The boarded-up door closed behind us with an ominous finality and we were left in blackness. A mustiness pervaded the still air inside. The floor was solid beneath my feet, perhaps marble, but something, a layer of dust and dirt, muffled my steps. There was a bitter, acrid taste in my mouth and, with each step, I could feel something coating the inside of my nose.
“Hemlock?” I whispered.
“Hang on,” came a hushed reply from one side.
I waited. There was a faint rustling sound. Then, with a rasp, a match burst into flame. Hemlock’s face glowed orange in its light. There was more rustling as she put the match flame to the wick of a small candle in a miniature version of a storm lantern.
“Where do you keep that?”
“In a pocket. Now, follow me.” Hemlock moved the metal shutters on the storm lantern so that the light only shone forward and walked to the doors to the auditorium of the theatre. The doors were little more than wooden frames, warped and blackened. Broken glass crunched underfoot.
“What kind of wood is that?” I whispered.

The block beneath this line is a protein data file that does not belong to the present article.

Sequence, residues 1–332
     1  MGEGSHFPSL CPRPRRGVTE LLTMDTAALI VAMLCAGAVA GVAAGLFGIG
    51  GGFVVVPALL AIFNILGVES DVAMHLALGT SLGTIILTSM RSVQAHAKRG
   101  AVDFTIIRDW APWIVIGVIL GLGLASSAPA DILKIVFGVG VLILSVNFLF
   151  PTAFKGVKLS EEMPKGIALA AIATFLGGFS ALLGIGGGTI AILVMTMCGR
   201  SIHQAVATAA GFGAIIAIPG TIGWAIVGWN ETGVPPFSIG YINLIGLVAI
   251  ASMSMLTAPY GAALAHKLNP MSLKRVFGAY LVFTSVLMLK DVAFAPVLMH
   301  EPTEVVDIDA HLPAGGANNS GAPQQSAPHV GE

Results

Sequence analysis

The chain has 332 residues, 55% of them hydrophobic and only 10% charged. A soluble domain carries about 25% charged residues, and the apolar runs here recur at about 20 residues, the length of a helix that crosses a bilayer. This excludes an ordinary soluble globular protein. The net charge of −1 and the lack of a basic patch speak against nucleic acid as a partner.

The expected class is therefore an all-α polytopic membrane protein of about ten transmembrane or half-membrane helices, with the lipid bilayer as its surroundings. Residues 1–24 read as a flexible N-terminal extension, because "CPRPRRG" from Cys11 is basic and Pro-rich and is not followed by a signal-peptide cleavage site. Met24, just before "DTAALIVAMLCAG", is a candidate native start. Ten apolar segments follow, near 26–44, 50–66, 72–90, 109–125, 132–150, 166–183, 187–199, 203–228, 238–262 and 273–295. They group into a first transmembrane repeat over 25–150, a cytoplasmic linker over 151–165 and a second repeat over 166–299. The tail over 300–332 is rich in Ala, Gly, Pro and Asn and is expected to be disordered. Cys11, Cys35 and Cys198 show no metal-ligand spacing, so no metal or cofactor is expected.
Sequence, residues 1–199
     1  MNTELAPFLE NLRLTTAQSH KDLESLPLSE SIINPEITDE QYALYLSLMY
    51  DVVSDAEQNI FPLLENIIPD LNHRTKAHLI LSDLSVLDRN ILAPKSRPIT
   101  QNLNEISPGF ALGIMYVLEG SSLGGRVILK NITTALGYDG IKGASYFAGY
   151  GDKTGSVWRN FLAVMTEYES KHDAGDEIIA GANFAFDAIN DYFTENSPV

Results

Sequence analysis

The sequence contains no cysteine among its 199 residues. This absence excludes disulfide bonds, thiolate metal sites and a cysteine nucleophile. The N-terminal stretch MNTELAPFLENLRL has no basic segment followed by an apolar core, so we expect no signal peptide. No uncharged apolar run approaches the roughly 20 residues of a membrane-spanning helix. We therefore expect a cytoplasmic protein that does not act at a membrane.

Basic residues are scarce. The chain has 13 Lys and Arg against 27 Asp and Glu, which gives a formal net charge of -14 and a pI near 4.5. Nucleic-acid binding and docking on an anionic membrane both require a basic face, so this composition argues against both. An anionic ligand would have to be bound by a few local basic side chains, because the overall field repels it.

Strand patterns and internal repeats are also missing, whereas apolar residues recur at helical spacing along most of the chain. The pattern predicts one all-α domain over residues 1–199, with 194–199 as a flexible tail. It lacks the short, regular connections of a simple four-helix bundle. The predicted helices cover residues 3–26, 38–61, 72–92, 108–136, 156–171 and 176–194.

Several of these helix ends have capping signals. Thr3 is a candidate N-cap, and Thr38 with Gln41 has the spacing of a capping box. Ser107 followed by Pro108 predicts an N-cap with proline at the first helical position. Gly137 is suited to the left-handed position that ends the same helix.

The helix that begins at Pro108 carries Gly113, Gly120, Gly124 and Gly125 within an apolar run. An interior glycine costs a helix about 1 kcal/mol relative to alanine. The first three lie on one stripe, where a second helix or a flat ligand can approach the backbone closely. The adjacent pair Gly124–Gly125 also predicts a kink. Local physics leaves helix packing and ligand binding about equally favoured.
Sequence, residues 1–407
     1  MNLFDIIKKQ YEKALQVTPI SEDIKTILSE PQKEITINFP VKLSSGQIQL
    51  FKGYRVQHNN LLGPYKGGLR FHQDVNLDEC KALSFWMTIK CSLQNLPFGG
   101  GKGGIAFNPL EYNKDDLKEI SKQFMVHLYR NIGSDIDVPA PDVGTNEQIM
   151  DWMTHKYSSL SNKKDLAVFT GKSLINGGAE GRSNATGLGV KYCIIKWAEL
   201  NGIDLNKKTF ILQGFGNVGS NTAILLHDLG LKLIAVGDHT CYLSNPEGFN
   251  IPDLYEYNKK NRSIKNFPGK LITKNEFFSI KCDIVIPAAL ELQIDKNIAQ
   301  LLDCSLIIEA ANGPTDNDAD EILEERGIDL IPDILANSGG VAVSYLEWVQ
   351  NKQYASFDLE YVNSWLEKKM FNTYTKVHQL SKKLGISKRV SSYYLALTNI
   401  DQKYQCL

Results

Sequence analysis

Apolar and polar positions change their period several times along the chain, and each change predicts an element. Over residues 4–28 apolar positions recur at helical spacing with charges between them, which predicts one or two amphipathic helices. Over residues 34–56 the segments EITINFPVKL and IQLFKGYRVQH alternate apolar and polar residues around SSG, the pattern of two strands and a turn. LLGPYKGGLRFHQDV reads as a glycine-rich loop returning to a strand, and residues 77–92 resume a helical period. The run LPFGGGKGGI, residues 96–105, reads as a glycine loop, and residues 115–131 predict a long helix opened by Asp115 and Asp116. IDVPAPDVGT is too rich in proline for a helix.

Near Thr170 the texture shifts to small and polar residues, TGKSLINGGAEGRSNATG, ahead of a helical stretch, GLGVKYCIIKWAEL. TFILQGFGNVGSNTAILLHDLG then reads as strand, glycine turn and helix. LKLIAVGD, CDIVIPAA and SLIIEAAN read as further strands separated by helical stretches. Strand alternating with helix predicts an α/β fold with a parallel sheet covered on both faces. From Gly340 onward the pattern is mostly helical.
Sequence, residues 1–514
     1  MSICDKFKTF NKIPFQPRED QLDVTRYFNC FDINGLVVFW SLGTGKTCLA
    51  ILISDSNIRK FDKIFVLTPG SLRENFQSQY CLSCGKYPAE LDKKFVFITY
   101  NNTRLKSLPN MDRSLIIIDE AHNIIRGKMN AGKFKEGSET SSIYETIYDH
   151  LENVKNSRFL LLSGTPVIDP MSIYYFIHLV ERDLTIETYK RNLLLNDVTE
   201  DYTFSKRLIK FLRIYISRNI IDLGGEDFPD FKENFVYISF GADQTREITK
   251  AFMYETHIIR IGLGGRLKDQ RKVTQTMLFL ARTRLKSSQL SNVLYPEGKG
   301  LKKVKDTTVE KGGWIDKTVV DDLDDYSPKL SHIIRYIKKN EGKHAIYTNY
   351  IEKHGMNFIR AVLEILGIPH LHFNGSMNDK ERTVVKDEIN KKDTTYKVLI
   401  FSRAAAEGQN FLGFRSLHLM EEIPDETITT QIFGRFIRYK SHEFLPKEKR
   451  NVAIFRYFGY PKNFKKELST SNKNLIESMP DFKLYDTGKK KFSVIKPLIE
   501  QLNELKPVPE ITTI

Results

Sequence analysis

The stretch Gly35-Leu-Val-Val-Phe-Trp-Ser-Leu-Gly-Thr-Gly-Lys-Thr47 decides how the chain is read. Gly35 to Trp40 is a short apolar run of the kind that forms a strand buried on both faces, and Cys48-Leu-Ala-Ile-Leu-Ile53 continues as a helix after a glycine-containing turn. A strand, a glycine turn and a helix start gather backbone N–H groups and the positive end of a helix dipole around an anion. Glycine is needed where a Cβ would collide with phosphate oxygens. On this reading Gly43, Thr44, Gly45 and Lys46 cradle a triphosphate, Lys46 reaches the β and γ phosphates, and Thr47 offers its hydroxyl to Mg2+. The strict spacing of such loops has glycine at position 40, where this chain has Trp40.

Hemlock ran a finger over the wood that once held the glass we stood on. It came away grubby. “Oak, I think. Hard to tell; there was a fire.” She pushed on one of the doors. It moved loosely and noiselessly. “Surprisingly well oiled for an abandoned, burnt-out building.”
I followed Hemlock through the doorway, careful to gently guide the door to a rest behind me. Turning around, I saw that she had widened the beam of her small lantern to illuminate as much of the theatre as possible.
Fire had ravaged what had clearly once been an impressive building. The fabric and padding of the chairs had burnt away, leaving them little more than skeletons, lined up row upon row.
The floor between the seats and in the aisles, where the carpet hadn’t fed the fires, was soot-covered, the original colour lost to the same blackness that covered everything else. The balcony above was charred and I moved swiftly from underneath it, feeling that the whole thing was ready to collapse at any moment. Near the domed and vaulted ceiling I could just make out a chandelier hanging limply.
“I don’t like that,” I muttered.
Unsurprisingly, the stage dominated the room; a huge space that swallowed one end of the theatre. The tattered remains of heavy, velvet curtains clung to the sides. The stage itself had nothing on it; no stage backgrounds or props. It looked like a giant, charcoal-black maw. The size and emptiness of the place gave me a most uncomfortable sensation.
Hemlock moved slowly down the aisle, shining her little candle-lantern this way and that, then stooping down and walking bent over, examining the floor.
I followed, not too closely and, sure enough, without warning, Hemlock halted.
“Careful, but not quite careful enough,” she said.